If you are an Australian male, when was the last time you sat down with a friend over a cold beer and 'softened the f--- up'?
For some, this may have been as recent as last week. For others, it is a once in a lifetime occasion. And for a few, the thought of expressing your feelings to a mate, GP or even your family may send you running as fast as you can in the opposite direction.
Let's face it, anxiety, depression and general sadness aren't easy subjects to talk about, even if you consider yourself to be an open and laid back kind of person.
One group of young Australians is trying to change this, by taking a fresh and direct approach to male mental health issues.
Rather than encouraging men to be tough, take a spoonful of concrete and 'harden the f--- up,' they are advising exactly the opposite.
This organisation may have a confronting name - excuse the blasphemy - but the messages it is trying to convey are important, timely and necessary.
According to SFTFU, suicide is the number one killer of Australian males aged between 14 and 44.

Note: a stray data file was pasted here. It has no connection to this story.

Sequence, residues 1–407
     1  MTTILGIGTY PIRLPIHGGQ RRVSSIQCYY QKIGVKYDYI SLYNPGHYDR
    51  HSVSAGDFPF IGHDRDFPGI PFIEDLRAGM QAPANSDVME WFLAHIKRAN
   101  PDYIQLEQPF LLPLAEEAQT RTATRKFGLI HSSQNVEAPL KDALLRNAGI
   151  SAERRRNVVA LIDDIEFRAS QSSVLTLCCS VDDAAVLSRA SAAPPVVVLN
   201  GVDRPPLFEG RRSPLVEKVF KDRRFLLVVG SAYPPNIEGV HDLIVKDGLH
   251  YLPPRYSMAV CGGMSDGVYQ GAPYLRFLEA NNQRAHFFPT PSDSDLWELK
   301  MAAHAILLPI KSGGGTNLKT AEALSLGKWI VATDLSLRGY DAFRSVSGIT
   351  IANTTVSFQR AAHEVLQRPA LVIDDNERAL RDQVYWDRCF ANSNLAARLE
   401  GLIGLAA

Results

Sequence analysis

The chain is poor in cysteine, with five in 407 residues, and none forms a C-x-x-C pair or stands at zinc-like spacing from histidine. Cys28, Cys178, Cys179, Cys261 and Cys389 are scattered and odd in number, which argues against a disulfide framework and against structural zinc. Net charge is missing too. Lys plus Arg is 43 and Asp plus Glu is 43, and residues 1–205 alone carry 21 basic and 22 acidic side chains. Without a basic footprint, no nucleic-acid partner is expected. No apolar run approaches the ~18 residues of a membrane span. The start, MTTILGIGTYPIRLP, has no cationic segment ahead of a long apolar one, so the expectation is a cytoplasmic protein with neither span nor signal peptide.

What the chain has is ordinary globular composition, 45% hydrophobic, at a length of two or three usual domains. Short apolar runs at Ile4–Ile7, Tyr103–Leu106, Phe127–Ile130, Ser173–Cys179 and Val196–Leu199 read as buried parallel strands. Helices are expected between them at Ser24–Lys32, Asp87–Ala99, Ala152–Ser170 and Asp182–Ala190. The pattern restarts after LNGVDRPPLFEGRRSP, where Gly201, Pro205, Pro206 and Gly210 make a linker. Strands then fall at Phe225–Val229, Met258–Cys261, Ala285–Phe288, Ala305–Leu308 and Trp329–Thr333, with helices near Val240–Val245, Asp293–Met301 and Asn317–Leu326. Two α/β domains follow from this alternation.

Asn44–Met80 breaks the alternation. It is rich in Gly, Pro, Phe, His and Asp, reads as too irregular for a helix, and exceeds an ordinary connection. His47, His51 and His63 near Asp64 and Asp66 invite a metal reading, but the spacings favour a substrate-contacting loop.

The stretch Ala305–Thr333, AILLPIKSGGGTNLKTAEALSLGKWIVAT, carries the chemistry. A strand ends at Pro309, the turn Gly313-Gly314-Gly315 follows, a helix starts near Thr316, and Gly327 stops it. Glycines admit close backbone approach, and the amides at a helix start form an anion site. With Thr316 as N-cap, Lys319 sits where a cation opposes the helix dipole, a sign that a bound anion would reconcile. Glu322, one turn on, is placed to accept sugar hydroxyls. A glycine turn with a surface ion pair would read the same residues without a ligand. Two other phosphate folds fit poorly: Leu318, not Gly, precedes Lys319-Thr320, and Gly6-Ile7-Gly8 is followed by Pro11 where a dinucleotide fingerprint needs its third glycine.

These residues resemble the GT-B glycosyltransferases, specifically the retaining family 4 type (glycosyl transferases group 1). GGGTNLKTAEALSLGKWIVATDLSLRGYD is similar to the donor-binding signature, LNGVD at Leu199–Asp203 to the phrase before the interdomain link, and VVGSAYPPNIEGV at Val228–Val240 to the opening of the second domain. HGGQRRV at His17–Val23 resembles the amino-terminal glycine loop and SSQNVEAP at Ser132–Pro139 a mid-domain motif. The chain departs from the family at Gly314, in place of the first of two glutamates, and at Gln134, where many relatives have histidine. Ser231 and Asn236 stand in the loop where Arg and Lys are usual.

Ehon Chan and his team are not comfortable with this statistic, nor do they think you should be.
With the SFTFU project, they want to break down the stereotype of the traditional tough, hard and resilient Aussie male.
They are reminding everyone that even the bravest and the blokiest of men go through a hard time every now and then.
To get the message across, SFTFU have released a new video called "Better if You're Around".
The clip, which is just over one and half minutes long, starts with a young man sitting on his bed feeling blue in one frame, and flashes forward fifty or so years in the next frame.
As he sits there in one shot feeling miserable, the next screen shows what his life could be - falling in love, having a family and living into old age.
After these scenes have played out, these words come up on the screen: "You've got some pretty good times coming your way. It would be better if you were around for them."
Communications director Chris Wagner told news.com.au in an exclusive interview (July 9) that this video shows people that sadness and depression are not forever, and that you can get through difficult times.
"One positive about this is that it provides a message to people who are thinking about suicide that there's so much they can look forward to," he said.
"This video can help people recognise that there is life beyond the feelings they're experiencing at this point in time."
You can watch the clip over at the Soften the F--- Up website. Here, you can find out more about male suicide statistics, read real life experiences from other men on the blogs and even volunteer to get involved.